Co-ops come in many different shapes and sizes, ranging from collections of townhouses and small buildings with 4-12 units to large apartment-style buildings with hundreds of units.

What sets co-ops apart from private rental housing is that they are democratic communities where the residents make decisions on how the co-op operates.

Members, the board and staff each have responsibilities to the co-op, as shown in the figure below.

There are two main types of housing co-ops: non-profit and for-profit. Many provinces require that housing co-ops operate on a non-profit basis. If the co-op is non-profit, members cannot sell their shares in the co-op. In for-profit housing co-operatives, members own a share of the co-op, but not the individual unit they live in.

Housing co-ops offer several advantages to members:

  • Affordability

    Housing co-ops are member-owned and controlled organizations. The monthly housing charges are set by the members to cover the costs of running the co-op.

  • Governance

    Governance is about the overall direction of the co-op and is the job of directors and members of the co-op. Co-ops are democratically run and each member has a vote. Members elect the board of directors, approve the annual budget and set policy.

  • Security of Tenure

    A member’s right to live in the co-op is protected. A member can live in a co-op for as long as he or she wishes as long as he or she follows the rules (bylaws) of the co-op and pays his or her housing charge (rent) on time.

  • Community

    Housing co-ops can also be strong communities, where members actively participate in the business of the co-op. In addition to standard tasks, such as approving the annual budget, members often volunteer with maintenance tasks (e.g. lawn care) and are involved in other community-based projects such as producing a co-op newsletter and volunteering on the Social committee to help build community.

Housing co-operatives exist for their members’ common benefit. Like other co-operatives they promote individual responsibility, mutual help, democracy, equality, equity and solidarity. In the tradition of their founders, co-ops try to embody the ethical values of honesty, openness and concern for others and for the wider society. Housing co-operatives pursue their aims and give expression to their values by acting on seven principles.


In order to be eligible for geared-to-income housing, applicants and tenant/members must meet the following criteria:

  • At least one member of the home is 16 years of age or older.
  • The household is able to take care of themselves (with or without the help of a support service agency).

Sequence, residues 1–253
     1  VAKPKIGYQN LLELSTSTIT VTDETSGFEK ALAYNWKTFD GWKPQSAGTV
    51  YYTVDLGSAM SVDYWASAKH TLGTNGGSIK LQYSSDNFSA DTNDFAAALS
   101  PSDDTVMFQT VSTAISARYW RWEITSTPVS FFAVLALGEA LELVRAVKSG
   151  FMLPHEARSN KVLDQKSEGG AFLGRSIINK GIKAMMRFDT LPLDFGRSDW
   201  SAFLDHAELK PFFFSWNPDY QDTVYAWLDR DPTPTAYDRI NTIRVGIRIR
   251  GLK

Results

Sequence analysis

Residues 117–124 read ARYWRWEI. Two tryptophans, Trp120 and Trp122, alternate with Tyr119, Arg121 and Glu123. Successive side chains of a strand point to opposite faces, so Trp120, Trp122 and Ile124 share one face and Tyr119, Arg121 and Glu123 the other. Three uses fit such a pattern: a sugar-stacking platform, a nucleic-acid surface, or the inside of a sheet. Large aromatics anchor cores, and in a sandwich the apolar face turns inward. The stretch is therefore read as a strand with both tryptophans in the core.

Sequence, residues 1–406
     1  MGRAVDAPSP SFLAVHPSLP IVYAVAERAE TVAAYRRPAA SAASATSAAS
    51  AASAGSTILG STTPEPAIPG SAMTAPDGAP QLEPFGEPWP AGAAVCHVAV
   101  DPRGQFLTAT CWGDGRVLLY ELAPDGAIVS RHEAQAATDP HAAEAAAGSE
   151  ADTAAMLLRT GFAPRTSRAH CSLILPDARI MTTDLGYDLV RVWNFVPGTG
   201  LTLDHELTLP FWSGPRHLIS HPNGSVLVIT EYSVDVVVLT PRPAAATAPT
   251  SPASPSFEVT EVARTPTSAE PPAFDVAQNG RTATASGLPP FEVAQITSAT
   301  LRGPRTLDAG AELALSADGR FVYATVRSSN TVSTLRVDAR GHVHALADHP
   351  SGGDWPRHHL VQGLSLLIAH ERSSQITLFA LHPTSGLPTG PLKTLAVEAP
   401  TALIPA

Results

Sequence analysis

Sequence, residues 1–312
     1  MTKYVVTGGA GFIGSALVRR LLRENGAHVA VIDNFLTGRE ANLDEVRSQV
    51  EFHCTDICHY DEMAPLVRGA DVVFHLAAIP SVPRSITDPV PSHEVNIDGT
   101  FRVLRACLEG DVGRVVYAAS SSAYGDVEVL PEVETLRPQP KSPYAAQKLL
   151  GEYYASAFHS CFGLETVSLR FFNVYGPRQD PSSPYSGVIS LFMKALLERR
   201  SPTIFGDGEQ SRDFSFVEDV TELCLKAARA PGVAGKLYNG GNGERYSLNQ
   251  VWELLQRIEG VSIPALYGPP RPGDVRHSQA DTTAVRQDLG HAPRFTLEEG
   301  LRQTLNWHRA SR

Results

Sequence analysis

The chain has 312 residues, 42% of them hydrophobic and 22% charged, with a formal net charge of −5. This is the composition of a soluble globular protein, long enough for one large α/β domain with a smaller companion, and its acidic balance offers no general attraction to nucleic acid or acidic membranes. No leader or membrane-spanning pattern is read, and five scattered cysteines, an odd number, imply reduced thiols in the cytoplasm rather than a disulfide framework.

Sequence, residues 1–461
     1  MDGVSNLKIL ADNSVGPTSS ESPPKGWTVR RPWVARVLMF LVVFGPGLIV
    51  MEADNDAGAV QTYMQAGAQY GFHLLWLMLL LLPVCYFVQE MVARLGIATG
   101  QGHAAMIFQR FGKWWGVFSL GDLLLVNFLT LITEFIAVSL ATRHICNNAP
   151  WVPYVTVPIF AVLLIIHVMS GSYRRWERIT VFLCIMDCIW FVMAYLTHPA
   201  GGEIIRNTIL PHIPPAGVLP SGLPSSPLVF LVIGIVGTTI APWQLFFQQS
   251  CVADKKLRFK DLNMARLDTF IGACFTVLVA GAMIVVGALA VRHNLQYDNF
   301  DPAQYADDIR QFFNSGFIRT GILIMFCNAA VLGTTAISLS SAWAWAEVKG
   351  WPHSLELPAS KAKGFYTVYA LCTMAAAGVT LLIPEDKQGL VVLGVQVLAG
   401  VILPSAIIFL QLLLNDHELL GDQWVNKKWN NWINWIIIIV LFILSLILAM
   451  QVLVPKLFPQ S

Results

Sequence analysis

• All household members are legal residents of Canada. This includes Canadian citizenship, landed immigrant or Permanent resident status or Refugee claimants. People who are under an enforceable deportation, departure or exclusion order are not eligible.
  • No member of the household owes money to another social housing provider anywhere in the province.
  • No member of the household has been convicted within the last 24 months of an offence under section 55 of the Housing Services Act or section 85 of the social Housing Reform Act (regarding knowingly obtaining or aiding or abetting a member of a household to obtain or receive rent-geared-to-income assistance for which the household is not eligible).
  • No member of the household has been convicted within the last 24 months of a crime under the Criminal Code (Canada) in relation to the receipt of rent-geared-to-income assistance.

If Halton Region or the housing provider determines that a household is eligible to receive income from one of the programs listed below, the household will be required to apply for and make reasonable efforts to receive income from one of these programs before receiving rent-geared-to-income assistance.

If an accessible unit (modified for wheelchair) is required, documentation must be provided. If a member of the household wishes to live in a housing community that has a supportive housing service, the applicant must provide information to confirm his/her eligibility for the support services provided at that location.

  • Basic financial assistance under the Ontario Works Program.
  • Support under the Divorce Act (Canada) Family Law Act or the Reciprocal Enforcement of Support Orders Act.
  • Employment insurance benefits.
  • Old Age Security (OAS), Guaranteed Income Supplement (GIS) and Ontario Guaranteed Annual Income System (GAINS) available to persons aged 65 and older.
  • Support and maintenance for sponsored immigrants under the Immigration Act (Canada).